And apparently the younger one was not at all satisfied with the division of that estate. And now he was taking advantage of Old Testament law, which ruled that if there were a dispute among heirs about participation in an inheritance, that that dispute could be solved by the judgment of a rabbi. And so this young man comes to Jesus, not to hear the Word of God, but to get his judgment. And he's trying to get Jesus' judgment on his side of the dispute that the rabbi Christ would declare a greater inheritance for the man. And Jesus said to him, man, who made me a judge or arbitrator over thee? Now Jesus was recognized as a rabbi because of the profundity of his teaching, that there's little reason to believe that he had gone through the formal steps of becoming officially a rabbi and would be in an official capacity to render a verdict in this dispute over the inheritance. And Jesus, of course, at this point in his ministry was much more concerned about proclaiming the kingdom of God rather than settling disputes among siblings over the degree of their inheritance. And so Jesus said to the people as well as to the man, take heed and beware.

Now we've heard him say that recently. Beware of the leaven of the Pharisees. Beware of hypocrisy. But now his concern is different from that over hypocrisy and Pharisees. What he's saying now is something else. Beware of covetousness.

Let me stop just there for a second. I don't know many times in my experience as a seminary professor saying to my students, if the United States of America's Constitution should crumble and you were asked to write a new constitution for the United States of America and you could only include ten laws in that new constitution, what ten laws would you institute? Well, most of them would put in there a law against murder. Some would put in a law against theft. I can't imagine that anybody in our contemporary culture would use up one of his ten laws to prohibit the profaning of the name of God and how many would include a law against coveting. Not only do we not have laws against coveting, we have a political system that thrives on it and promotes it by promoting entitlement policies and class warfare. And when God established a nation in His top ten, He included a law against coveting. Do you ever wonder why God in His infinite wisdom would include a law against coveting in the top ten commandments that He gives? Maybe God knows something about what it is that leads to stealing. Maybe God knows something about what it is that leads to jealousy.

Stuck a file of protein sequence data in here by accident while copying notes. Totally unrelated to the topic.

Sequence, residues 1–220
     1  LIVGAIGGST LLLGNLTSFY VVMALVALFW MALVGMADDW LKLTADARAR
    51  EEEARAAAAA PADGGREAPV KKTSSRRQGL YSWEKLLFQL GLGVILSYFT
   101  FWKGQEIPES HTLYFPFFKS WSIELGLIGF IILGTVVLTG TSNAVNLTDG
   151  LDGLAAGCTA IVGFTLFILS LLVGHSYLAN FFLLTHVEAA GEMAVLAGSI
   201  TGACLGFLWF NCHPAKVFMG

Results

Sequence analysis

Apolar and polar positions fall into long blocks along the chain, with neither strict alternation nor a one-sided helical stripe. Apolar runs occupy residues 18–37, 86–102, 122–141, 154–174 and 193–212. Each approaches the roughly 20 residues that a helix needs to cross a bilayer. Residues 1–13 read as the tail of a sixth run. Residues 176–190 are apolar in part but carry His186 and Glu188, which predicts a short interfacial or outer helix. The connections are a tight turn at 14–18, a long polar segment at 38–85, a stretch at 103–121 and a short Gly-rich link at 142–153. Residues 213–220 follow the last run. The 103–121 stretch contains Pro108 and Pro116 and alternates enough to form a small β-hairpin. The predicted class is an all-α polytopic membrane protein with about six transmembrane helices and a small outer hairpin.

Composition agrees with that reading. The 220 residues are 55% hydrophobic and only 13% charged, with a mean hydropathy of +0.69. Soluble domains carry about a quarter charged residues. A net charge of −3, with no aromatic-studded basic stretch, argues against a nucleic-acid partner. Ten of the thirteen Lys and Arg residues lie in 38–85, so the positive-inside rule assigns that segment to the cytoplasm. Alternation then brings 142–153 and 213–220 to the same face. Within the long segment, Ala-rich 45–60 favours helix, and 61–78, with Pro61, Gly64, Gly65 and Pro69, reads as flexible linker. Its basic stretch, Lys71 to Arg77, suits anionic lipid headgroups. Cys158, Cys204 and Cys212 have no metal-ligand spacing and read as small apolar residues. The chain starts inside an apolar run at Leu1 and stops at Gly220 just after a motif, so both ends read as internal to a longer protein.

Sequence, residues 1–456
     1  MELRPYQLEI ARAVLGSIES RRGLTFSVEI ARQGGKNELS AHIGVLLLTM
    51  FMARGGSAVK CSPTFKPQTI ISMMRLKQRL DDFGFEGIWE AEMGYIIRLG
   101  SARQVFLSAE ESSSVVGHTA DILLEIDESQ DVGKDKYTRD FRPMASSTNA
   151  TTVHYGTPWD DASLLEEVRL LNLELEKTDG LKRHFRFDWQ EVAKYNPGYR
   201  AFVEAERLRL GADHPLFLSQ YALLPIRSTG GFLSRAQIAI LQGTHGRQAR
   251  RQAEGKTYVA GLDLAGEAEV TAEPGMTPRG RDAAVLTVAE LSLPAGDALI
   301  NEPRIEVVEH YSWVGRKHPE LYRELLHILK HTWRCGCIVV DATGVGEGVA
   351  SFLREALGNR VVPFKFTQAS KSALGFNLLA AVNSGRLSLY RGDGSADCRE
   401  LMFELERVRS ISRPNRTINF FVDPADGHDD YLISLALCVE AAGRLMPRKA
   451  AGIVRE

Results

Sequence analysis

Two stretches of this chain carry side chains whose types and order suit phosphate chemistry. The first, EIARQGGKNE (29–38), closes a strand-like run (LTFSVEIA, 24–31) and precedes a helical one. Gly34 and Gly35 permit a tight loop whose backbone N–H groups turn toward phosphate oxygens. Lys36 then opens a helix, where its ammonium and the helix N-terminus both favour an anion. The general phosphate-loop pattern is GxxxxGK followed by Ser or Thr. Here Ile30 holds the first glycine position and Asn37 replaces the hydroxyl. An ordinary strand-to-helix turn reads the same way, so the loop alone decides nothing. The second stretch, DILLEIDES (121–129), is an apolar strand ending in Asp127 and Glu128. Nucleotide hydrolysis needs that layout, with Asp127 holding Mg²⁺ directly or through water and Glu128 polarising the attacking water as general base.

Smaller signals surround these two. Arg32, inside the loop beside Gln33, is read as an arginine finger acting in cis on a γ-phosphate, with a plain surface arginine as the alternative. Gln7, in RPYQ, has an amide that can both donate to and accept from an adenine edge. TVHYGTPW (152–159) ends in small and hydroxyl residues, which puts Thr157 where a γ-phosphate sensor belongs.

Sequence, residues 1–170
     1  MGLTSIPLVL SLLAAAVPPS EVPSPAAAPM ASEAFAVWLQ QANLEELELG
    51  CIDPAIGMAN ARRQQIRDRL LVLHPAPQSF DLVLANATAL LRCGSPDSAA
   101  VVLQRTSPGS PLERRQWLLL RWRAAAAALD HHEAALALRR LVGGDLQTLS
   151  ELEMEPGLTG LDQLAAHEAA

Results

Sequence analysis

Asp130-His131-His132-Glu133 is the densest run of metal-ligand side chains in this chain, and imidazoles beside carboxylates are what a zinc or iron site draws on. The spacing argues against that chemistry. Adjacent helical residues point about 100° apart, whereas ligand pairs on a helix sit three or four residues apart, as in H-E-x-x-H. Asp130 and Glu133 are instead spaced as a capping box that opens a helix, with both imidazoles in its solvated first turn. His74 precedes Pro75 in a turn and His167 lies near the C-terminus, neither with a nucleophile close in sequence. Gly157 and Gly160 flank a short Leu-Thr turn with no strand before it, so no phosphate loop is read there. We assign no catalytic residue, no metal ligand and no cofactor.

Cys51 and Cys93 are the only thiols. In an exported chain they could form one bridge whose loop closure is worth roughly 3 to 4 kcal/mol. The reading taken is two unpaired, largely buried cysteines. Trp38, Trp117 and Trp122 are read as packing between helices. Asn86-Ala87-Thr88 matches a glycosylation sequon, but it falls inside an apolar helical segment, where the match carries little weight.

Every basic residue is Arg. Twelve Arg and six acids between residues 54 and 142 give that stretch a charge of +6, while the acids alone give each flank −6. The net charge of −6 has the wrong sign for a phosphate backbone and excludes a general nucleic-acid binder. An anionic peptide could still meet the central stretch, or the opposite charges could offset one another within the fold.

Maybe God knows something of what it is that leads to murder and to war when people are at each other's throat because one person has more than the other, and one person wants for himself what God in His beneficence has graciously bestowed upon someone else. I want your money. I want your car. I want your job.

I want your wife. Because the problem, dear friends with covetousness, is that it reveals something about the darkest part of our fallen humanity. In the very first chapter of Paul's letter to the Romans, he points out at the beginning, beginning at verse 18, how that God has revealed Himself manifestly and clearly to every human being on this planet.

And He's given that knowledge of Himself to everyone in a way that they cannot miss it. And yet the universal response of fallen humanity to God's self-revelation is to repress it and to deny it. And so God brings the whole human race to His tribunal and convicts the whole human race of two fundamental things, the two most basic sins of all of us. The first is the refusal to honor God as God, and second is the refusal to be grateful. No one can honor God and have a heart full of gratitude to Him and be covetous. Covetousness is the antithesis of contentment with the goodness of God. When you have something that I don't and I want it, I am saying, God, I'm not grateful for what You've given to me.

I want more and more and more. You see, covetousness is the first cousin, no, the father of greed, of wanting more than you actually have. Jesus says, take heed, beware of this. Be careful.

Watch out for this. For one's life, He says, does not consist in the abundance of things that He possesses. Now, here's a word from Jesus. This is not R.C.